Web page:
During the lead up to Autodesk University 2016, held a few weeks ago in Las Vegas, we made a number of key updates to Dasher 360. For those of you who haven’t heard of it, Dasher 360 is Project Dasher re-imagined for the web using Autodesk’s Forge platform.
Here’s a video that shows many of the enhancements we’ve made in recent months:
Aside from my AU2016 class on Dasher – and how we used Forge to implement it – Alex Tessier and I presented Dasher 360 during the Construction Launch Pad event in front of around 1,000 attendees. Our segment was quite brief – I spent the majority of my half of it talking over the above demo video – but we received some nice feedback. The recording isn’t yet live on the AU web-site, but I’ll embed it in a post once it’s there.
To give Dasher 360 a try yourself, head on over to Dasher360.com and click on the “Demo” button. You’ll be able to explore sensor data relating to the 210 King St. East building, although you won’t be able to perform some of the administrator-only workflows shown in the video.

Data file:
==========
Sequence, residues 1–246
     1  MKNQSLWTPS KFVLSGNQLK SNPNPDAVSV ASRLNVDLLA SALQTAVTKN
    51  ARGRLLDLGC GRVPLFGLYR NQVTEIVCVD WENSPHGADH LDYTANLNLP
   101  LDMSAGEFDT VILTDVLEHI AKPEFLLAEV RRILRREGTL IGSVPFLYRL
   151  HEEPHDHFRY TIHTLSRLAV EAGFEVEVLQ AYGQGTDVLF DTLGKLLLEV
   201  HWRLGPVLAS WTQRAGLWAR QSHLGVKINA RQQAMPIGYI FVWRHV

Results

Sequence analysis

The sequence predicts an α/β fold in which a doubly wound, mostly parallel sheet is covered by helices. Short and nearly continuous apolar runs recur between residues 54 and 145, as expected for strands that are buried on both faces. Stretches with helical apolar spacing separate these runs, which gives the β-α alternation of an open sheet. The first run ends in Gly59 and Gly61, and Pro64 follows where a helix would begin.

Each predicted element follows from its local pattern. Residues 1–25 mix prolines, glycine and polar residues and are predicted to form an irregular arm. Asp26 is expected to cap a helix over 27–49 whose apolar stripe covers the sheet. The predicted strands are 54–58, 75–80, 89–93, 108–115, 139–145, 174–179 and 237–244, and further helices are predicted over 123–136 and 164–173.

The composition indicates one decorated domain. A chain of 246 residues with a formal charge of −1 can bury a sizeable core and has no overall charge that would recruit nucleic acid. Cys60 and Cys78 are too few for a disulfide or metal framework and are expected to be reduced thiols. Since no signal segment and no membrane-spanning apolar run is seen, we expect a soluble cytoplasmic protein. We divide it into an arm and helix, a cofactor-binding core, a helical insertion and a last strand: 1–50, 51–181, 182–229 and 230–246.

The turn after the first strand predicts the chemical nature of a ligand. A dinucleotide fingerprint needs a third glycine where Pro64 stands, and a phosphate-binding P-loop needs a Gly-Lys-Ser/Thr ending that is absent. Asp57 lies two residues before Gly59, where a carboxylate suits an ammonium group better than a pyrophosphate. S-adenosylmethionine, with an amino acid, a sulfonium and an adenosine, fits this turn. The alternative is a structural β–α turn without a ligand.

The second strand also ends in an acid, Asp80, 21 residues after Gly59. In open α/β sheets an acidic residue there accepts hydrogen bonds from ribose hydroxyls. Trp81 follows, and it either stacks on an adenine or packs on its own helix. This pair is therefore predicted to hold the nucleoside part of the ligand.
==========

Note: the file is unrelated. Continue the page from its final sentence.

There are a few additional features we’ve been working on since AU. They’re not yet live on Dasher360.com, but here’s a quick preview of the first… Simon Breslav, my talented colleague who has been doing the lion’s share of the work on Dasher 360 lately, managed to get this updated version of “surface shading” (although it’s not really truly on the surface of the geometry, right now) in a little over a day. What’s interesting about this version is that it’s based on real sensor locations, and to some degree real data.
To make sure this approach worked with animating data captured over a time period, Simon went and added animations based on some theoretical sensor readings.
We’re calling this “disco mode” internally: we really need to make sure it gets into Dasher 360 as an easter egg – I don’t expect the sensor variations to be quite as visually interesting, once we get those hooked up properly. I’m also investigating enabling VR exploration of models using Dasher 360 – the latest version of the Forge viewer that’s currently in development has support for WebVR – which would be pretty cool with disco mode enabled. Assuming it doesn’t mess with your brain too badly, of course.